For most people, including a few in the group, the disease is diagnosed and they are cured quickly. But more common in the support group setting is the patient who saw no tick, had no telltale bull's-eye rash, tested negative when symptoms appeared and went untreated for years.
That was the situation with Ms. Samelson, a hiker and climber until her illness. Her first doctor sent her home with a handful of Prozac, a common situation among three dozen people interviewed throughout the region.
Much later, Ms. Samelson found a doctor who prescribed long-term, intravenous antibiotics, which can cost $3,000 a week and more. She takes them when her insurance will pay. Her husband, a teacher at Hofstra University until she required full-time care, has designed a computer program to prove she has relapsed without them.
Ms. Samelson took comfort in the triumph of Lia McCabe, who was a 25-year-old up-and-coming financial planner when the mental fog reported by many Lyme patients descended. "I had degrees in finance and computer science and I couldn't add three plus four," Ms. McCabe said. "I'd leave work and I didn't know how to get home."
Ms. McCabe's insurer denied coverage for intravenous antibiotics ... Within two years, she said, she lost the use of her legs and was on the verge of being placed in a nursing home. Instead, she lived with her parents, who paid hundreds of thousands of dollars for treatment.
Ms. McCabe said she spent two years in bed and six in a wheelchair. She can walk now, and think clearly some of the time. She lives on her own again and is considering a part-time job. When she feels her symptoms returning, Ms. McCabe resumes antibiotics temporarily.
The duration and cost of treatment for some patients is part of what drew the attention of academic researchers and insurance companies.
Take Keith Giraud, 16, of Harrison, N.Y., who was home-schooled for four years while receiving a $5,500-a- week regime of intravenous antibiotics, which required weekly visits by a nurse, said his mother, Cindy. The insurance her husband received as a union electrical worker covered the treatment, which cost more than $1 million, Mrs. Giraud said.
Keith has returned to school, and to varsity hockey, but has cognitive difficulties that mimic certain learning disabilities, as well as occasional seizures and arthritis in his legs.
But doctors willing to treat in this manner are getting harder to find. There are 11 of them in New York State, said Jill Auerbach, an advocate for Lyme patients here in Dutchess County. Three of those have told their patients they are under investigation: Richard Horowitz of Poughkeepsie, Joseph Burrascano of East Hampton and Kenneth Liegner of Armonk.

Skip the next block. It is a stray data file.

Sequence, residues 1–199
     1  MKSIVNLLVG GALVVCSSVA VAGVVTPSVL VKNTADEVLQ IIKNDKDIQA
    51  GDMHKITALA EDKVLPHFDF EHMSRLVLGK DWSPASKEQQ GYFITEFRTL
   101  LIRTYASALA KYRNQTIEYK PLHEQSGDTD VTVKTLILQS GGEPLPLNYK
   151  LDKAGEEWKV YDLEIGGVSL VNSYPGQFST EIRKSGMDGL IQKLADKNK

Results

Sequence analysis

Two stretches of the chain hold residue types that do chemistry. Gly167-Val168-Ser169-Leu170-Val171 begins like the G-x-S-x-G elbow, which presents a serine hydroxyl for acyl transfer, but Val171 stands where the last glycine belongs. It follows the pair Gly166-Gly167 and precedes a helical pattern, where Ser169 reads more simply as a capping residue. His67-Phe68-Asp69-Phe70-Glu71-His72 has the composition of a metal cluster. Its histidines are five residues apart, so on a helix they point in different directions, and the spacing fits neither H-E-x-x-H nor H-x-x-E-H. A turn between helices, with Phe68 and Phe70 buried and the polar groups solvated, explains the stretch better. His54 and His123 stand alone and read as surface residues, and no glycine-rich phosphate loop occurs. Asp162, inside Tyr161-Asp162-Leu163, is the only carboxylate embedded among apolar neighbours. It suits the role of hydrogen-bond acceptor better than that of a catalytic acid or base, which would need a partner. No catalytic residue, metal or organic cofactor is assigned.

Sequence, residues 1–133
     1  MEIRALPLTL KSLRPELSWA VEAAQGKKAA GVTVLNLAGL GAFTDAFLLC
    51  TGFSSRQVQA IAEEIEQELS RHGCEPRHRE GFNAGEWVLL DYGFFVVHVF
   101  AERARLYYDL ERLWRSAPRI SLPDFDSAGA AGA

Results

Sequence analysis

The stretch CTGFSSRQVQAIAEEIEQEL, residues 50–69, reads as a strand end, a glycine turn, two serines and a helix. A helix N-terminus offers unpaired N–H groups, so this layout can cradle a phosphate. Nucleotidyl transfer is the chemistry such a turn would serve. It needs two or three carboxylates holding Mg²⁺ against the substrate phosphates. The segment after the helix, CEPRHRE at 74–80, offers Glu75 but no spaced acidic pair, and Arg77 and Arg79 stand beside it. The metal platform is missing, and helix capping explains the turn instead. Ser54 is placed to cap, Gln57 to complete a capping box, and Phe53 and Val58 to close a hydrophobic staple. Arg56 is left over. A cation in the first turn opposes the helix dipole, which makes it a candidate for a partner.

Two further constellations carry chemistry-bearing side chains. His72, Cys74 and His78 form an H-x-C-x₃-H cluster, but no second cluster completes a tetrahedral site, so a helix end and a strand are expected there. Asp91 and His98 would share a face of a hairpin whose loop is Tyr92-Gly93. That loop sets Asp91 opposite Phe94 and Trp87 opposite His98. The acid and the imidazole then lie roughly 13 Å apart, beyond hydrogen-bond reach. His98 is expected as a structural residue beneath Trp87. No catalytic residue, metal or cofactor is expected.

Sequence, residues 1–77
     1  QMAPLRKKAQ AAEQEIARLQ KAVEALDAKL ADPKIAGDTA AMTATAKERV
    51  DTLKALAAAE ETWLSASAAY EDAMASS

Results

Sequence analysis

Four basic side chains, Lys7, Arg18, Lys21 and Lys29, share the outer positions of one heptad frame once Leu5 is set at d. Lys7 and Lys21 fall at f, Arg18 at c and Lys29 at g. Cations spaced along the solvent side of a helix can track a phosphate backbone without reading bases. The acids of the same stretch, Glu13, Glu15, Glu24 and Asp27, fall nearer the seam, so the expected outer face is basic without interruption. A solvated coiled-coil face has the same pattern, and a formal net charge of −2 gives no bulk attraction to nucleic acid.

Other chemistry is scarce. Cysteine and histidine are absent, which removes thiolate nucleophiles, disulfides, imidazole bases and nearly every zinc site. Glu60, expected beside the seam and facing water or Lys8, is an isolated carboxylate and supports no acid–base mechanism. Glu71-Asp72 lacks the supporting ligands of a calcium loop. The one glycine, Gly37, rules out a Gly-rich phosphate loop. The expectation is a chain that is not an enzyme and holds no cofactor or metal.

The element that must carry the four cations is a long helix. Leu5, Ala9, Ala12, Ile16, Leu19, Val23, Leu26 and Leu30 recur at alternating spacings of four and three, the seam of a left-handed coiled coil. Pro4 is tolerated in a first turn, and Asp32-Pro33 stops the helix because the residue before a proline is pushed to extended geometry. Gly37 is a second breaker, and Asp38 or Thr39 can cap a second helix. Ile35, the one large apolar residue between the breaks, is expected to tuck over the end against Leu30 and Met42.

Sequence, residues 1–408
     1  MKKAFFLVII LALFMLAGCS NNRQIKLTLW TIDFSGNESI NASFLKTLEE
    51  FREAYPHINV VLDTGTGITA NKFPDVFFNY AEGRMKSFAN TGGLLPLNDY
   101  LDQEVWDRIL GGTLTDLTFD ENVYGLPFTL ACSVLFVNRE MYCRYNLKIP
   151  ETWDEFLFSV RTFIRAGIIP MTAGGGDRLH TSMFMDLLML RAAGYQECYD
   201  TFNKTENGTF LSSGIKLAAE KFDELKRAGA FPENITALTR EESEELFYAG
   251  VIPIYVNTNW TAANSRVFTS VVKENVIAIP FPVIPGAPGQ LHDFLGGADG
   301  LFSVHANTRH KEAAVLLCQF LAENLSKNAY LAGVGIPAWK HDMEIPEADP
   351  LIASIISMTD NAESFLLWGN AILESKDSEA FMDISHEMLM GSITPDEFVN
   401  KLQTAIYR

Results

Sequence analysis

Assemblyman Joel M. Miller of Poughkeepsie, who has taken up the cause of Lyme patients in his district, said several more were being scrutinized by the state board.
By law, the identity of the complainant is kept secret, and of 6,000 complaints a year, only 400 lead to investigations. "It seems like every other one of those is a Lyme doctor," Mr. Miller said. "And the complaints, we are convinced, come from the insurance industry."
"These are not doctors who carved their initials on a patient's abdomen or operated on the wrong side of the brain," the assemblyman continued. "These are not fly-by-night people who got their medical degrees based on information on the back of a matchbook. This is a witch hunt."
The State Department of Health, in accordance with confidentiality laws, would neither confirm nor deny that certain Lyme doctors were under investigation. But Kristine A. Smith, a department spokeswoman, said that the Office of Professional Medical Conduct "does not target disease categories." ...
At the support group, patients described feeling dismissed or ridiculed by medical professionals and even by loved ones, a situation they assume will worsen. "This new information will make the public think this is no more than an exaggerated mosquito bite," said Betty Gross, who runs a Westchester County support group.
Patients seem dumbstruck that anyone would doubt their motivation in choosing the grueling treatment. "Thousands and thousands of us stay with these doctors because they are making us well," said Sandra K. Berenbaum, a Lyme patient and a therapist in Hopewell Junction, N.Y. "If they weren't, why would we put ourselves through the physical and financial costs?"
Ms. Auerbach, who left work as a computer programmer in 1992 when her symptoms were intense, is once again a workaholic, this time with a cause. "All of those wasted years," she said, "and then you find a doctor who will treat you and you're a functioning, productive person again. Some of us get our lives back. But they are taking away our treatment while the science is still unsettled." ''